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J Membr Biol. 1985;83(3):217-25.

Lens cell-to-cell channel protein: I. Self-assembly into liposomes and permeability regulation by calmodulin.


Lens fibers are coupled by communicating junctions which contain a 28-kDalton protein (MIP26) believed to be the main component of the cell-to-cell channel. To study the permeability properties and regulation of these channels, an in vitro system has been developed in which MIP26 isolated from calf lens is incorporated into liposomes and the resulting channels are studied spectrophotometrically by a swelling assay. Liposome vesicles were prepared using a sonication/resuspension method. Incorporation efficiency was monitored by freeze-fracture. Vesicles were resuspended in 6% Dextran T-10. Assay buffer was identical, except for isotonic substitution of sucrose for T-10. MIP26-incorporated (but not control) vesicles swell under isotonic conditions indicating sucrose entry (via channels) followed by water to maintain osmotic balance. In the absence of calmodulin, calcium ion has no effect on channel permeability. On the contrary, vesicles prepared with equimolar amounts of MIP26 and CaM do not swell in the presence of calcium ion, indicating that the channels can be closed. Addition of EGTA to these vesicles reinitiates swelling--evidence that the channel gating mechanism is reversible. Magnesium ion has no effect on either type of vesicle.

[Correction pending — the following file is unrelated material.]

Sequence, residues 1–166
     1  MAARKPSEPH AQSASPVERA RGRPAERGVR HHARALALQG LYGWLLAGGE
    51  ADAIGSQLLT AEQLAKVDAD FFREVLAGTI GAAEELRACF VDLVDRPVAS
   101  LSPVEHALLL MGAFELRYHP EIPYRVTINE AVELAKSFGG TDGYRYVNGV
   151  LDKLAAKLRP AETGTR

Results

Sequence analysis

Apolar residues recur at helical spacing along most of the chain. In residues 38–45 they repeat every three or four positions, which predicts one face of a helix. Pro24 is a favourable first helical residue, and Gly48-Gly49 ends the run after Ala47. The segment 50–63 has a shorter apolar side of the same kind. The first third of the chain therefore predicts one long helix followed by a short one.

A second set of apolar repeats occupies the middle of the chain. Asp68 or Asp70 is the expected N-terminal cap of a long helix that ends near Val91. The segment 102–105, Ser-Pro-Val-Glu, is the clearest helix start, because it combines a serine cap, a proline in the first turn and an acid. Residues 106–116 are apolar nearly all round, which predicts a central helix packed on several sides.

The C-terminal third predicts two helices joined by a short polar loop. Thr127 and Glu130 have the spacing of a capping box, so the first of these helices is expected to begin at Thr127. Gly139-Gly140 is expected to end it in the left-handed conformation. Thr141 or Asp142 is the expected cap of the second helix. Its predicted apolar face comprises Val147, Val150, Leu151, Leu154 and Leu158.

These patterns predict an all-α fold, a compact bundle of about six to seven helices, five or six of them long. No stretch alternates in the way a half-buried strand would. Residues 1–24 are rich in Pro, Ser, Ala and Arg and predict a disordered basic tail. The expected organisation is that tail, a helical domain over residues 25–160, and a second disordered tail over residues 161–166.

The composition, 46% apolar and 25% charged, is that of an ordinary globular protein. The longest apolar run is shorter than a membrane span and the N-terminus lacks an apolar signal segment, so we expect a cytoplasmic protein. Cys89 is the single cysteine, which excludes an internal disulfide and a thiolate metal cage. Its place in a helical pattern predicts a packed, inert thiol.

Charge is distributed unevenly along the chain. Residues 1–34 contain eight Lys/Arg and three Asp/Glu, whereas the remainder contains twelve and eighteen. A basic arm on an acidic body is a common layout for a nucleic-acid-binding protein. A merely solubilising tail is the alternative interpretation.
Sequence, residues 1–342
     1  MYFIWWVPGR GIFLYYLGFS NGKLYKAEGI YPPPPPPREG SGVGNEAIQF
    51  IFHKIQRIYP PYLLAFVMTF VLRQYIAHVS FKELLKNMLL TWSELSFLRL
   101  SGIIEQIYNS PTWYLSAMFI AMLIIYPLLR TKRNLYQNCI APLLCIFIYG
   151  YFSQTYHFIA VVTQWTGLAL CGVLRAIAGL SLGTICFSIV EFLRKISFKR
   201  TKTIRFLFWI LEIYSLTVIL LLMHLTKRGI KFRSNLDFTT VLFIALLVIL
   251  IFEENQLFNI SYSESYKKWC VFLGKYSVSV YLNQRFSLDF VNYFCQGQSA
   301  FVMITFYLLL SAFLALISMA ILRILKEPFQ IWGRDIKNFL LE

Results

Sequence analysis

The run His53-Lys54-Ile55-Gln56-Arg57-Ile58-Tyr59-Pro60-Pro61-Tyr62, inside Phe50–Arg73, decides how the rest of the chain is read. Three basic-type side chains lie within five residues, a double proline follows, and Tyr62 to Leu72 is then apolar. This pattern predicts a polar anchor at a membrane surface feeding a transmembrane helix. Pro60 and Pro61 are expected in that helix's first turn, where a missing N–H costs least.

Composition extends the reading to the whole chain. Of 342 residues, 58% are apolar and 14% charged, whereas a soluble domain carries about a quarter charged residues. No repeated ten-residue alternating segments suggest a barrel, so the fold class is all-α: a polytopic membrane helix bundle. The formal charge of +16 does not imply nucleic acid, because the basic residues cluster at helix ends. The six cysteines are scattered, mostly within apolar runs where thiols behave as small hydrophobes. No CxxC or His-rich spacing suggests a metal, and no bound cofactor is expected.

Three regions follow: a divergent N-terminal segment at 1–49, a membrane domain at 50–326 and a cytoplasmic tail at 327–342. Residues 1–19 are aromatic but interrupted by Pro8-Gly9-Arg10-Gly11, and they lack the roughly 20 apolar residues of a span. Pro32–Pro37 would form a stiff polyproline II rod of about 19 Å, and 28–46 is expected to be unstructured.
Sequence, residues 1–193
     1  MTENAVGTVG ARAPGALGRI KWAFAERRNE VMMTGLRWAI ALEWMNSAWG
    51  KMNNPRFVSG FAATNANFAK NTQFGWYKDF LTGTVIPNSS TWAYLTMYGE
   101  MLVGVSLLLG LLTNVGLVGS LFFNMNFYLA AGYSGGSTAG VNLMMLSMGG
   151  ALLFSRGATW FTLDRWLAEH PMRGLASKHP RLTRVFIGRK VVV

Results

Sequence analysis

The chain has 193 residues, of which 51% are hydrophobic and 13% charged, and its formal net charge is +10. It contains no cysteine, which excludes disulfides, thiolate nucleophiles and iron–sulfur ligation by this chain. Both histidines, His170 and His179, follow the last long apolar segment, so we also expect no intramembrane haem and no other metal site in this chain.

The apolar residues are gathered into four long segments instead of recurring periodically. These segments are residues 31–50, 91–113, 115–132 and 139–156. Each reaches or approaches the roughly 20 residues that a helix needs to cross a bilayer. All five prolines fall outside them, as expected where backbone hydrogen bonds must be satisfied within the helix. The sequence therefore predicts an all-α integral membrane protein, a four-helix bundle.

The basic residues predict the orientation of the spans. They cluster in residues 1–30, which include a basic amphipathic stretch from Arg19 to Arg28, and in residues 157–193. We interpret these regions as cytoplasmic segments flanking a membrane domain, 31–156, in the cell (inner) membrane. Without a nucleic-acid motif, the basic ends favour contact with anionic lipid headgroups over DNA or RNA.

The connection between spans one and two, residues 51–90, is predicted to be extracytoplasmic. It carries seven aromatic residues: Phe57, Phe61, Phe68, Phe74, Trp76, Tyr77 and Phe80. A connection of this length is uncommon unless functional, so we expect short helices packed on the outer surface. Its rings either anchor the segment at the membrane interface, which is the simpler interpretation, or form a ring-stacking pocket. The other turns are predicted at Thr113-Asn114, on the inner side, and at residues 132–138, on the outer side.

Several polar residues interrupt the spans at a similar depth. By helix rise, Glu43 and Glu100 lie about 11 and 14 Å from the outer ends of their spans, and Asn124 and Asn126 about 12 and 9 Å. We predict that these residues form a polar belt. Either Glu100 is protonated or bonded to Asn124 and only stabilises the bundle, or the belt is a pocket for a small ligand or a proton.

[Indexed for MEDLINE]

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